The village was like a valley of ghost as would be expected at this ungodly hour of the night. The lights in the houses were snuffed out and the shutters latch tight against the bitter midnight winds that had whipped out the torch lights in the streets. There was one house, a large blockish building with two floors, with lights still seeping from the cracks in its clumsy shutters. As we drew closer the sound of laughing and the smell of hot ale wafted welcoming through the door of the inn.
“This way.” I said dismounting and leading my horse into the dank stable; Lady Electron followed suit too tired to complain about the smell of the stable. I unlatched my saddle and instructed Electron to do the same.
“Here,” I dug into one of the pockets of my pack and pulled out my small wolves masks. It only covered the upper half of the face; I wore it when I didn’t need to look imposing. “Put this on.” I instructed but didn’t wait for her to comply before securing the mask on her face and tying the ribbon behind her head.
“This should work.” I said pull the hood of her cloak to hide her hair. I was glad she’d chosen a simple traveling cloak to wear.
“What is this for?” Electron asked finger the mask trying to distinguish which animal she wore on her face.
“To avoid gathering attention.”
She snorted. “This won’t gather attention?! My God dear Hunter you have a skewed sense of subtly, the animals must be deaf and blind to miss such a splendor as you.”
“Are you finished?”
“Yes.” Electron yawned.
“Good.” I said leading her from the stable. “Also don’t talk, that’ll defeat the purpose of the mask.”
Like an odd entry to a masquerade we entered the inn. Six men occupied four tables. Two of the men stared sleepily into their ale as one of the men rambled on about some ghost that haunted the roads. The remaining three watched the weathered storyteller fixedly.
"Now that is a sight the wolf walks in to the inn with the fox, now there is story to be told." Said the storyteller pausing his story and looking curiously at us.
Lady Electron gave me an exasperated look.
“We’re players.” She explained.
The storyteller smiled standing up.
“then we’ll have a lot in common, what do you play.”
“games.” Electron said mysteriously, walking towards the counter, behind which the innkeeper stood washing out mugs.
“What kind of games?” The storyteller asked.
“Two rooms.” I told the innkeeper. He nodded placing down his mug and rag and coming around the counter.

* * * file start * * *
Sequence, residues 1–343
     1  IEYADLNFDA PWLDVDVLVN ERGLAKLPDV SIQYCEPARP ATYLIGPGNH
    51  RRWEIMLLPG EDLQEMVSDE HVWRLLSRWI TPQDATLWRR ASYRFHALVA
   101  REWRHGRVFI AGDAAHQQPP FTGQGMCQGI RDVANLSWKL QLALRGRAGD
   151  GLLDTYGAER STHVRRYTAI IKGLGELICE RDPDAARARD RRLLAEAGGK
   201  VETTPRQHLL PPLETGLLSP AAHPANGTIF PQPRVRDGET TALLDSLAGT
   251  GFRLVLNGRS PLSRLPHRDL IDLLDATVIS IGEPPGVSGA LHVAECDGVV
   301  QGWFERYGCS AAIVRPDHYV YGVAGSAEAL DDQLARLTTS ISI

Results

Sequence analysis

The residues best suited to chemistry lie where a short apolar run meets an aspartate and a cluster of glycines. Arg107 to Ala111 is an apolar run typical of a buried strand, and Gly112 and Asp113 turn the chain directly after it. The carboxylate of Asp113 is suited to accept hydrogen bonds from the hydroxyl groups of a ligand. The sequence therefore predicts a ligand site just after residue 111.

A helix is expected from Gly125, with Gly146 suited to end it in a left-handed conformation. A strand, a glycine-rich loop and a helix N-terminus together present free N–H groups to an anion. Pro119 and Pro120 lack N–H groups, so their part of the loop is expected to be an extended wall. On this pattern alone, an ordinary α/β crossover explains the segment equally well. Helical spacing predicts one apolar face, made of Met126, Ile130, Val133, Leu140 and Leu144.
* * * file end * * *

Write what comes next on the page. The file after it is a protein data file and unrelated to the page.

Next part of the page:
“Come,” I said taking Lady Electron by the elbow and leading her away.
“I’ll be seeing you around then, players.” The storyteller said as we followed the innkeeper up the stairs and to the rooms.
We got two rooms close together. I waited until I could hear the soft mundane scrub of the dirty rag against the mugs down below as the innkeeper resumed his task before I turned to Electron.
“My Lady, should I stand guard for you?” I asked.
Electron pulled off her mask so I could fully appreciate her mockingly raised eyebrow.
“You’re a hunter and a centaury?” she asked.
“If anything happens to you it’s my head on the chopping block.” I reminded simply.
“And we both know how much you love having headson your shoulders.” She gave a laughing smile.
“Good to sleep Hunter, I can take care of myself.”
“Good night.” I said softly closing the door behind her. I walked across the hall to my room and sat cross legged on the floor. I closed my eyes and listen to the sounds that echoed in the wall.
I listened first to Electrons movements in the room across the way as she readied herself for bed. I listened to the sound of her footsteps crossing the cracking wooden floor which announced the dispersion of weight from the floor to the bed with a silent moan as she climbed into bed. There came the soft sound of muffled clanking as she dragged her bag across the floor. A distinct crackling filled the room. It sounded like her power, I was almost sure she was using her power but then the noise stopped with a snap like a locket closing. After that the room fell into a soft hum of breathing and the rustling of blankets as Electron fell asleep.